- Aditya Balu
- Olga Wodo
- Adarsh Krishnamurthy, Iowa State University
- Baskar Ganapathysubramanian
Machine learning based-approaches in engineering design have seen rapid progress in recent years. Modern ML/AI approaches have transformed a host of application areas that involve assimilating large data streams to make valuable predictions. The next generation of approaches will leverage these advances to analyze, optimize, design, and control complex engineered systems. Researchers have been leveraging novel tools in machine learning–such as deep generative models, deep reinforcement learning–as a computationally efficient paradigm for modeling and simulation of complex engineered systems. However, despite their apparent utility, current AI systems suffer from three key drawbacks:
• Reliance on an abundance of data: Current AI systems tend to let data dictate the narrative entirely. As a result, the data requirements for training such systems are substantial, which may be a significant bottleneck for complex simulations and expensive experiments.
• Lack of generalizability: Current ML/AI systems are of a narrow scope, i.e., they typically only succeed on the task on which they are trained. Additionally, contextual constraints and domain knowledge known from the physical system are usually not incorporated.
• Unsatisfactory parsimony and explainability: Most current ML models are non-parsimonious and un-interpretable. This un-explainability is especially damaging when the end goal–identifying functional relationships in complex systems or constrained explorations of the design space–requires generating insights into the engineered system.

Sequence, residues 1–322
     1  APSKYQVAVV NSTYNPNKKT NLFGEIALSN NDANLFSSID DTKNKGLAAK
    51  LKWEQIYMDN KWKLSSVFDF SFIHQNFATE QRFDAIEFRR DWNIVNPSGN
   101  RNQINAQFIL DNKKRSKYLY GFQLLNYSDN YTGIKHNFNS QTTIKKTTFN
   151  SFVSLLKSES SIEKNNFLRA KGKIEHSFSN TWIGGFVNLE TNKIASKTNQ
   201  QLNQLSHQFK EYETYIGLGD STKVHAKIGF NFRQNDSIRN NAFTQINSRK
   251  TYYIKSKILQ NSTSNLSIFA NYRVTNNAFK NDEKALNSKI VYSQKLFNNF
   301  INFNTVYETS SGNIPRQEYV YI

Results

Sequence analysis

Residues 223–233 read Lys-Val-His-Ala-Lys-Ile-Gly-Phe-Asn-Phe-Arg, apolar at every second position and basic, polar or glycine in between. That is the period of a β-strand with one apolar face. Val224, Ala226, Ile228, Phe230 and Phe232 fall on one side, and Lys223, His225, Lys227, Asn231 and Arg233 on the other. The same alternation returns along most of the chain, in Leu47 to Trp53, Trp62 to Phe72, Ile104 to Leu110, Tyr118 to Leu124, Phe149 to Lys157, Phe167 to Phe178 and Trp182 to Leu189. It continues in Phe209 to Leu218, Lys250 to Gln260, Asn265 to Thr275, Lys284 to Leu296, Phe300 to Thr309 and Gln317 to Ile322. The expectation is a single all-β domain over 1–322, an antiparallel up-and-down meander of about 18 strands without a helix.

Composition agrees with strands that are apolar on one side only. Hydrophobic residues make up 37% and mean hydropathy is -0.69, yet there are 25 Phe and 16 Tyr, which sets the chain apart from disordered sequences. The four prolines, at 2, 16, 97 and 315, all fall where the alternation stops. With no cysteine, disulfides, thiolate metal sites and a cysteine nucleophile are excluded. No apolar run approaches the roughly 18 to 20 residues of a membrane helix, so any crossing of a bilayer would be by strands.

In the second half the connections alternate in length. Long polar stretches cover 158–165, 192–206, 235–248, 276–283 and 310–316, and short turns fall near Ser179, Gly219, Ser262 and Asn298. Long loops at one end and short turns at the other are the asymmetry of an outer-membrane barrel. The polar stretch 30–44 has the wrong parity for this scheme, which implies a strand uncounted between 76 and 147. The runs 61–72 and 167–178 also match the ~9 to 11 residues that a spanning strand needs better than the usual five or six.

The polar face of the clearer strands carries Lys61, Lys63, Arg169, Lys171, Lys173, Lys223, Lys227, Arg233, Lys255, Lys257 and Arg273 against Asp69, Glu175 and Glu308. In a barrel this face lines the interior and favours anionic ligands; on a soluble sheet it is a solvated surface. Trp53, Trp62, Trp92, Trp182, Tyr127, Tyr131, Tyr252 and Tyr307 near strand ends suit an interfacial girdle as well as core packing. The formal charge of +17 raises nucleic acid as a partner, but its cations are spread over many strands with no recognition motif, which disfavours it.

Recent efforts with the advent of physics informed neural networks (PINNs), generative neural network models (such as generative adversarial networks, or GANs) have proven to be of tremendous impact in numerous tasks such as prediction, visualization, and design. These approaches are a significant departure from the typical, data-hungry approach required by the traditional ML training method since the encoded invariances allow for physically meaningful predictions using far less training data. In our view, these approaches are suitable for solving the forward design problem (where one is just solving for physics). While most of the advancement in this area is based on solving the forward problem, inverse design for engineering systems goes beyond the current research efforts. Inverse design models can naturally account for uncertainty, need very few training data pairs, and explicitly account for multiscale physical constraints. We hope to see several other researchers in the community work more closely on this research area. However, there are several unanswered research question; some of the key areas of research include:
• Developing principled approaches for incorporating physics-based constraints into generative models;
• Quantitative guarantees that link model architecture, predictive performance, and generalization;
• Construction of new generative model architectures for physical domains with complex geometries.
Addressing these research questions requires revolutionary advances in AI, physics-based modeling and simulation, optimization, computational science. Further, these ideas can be extended to complex engineering systems, which include physical phenomena such as turbulence, fluid-structure interaction, and complex material dynamics. We hope that our minisymposium would be a suitable forum to share the recent advances in these fields.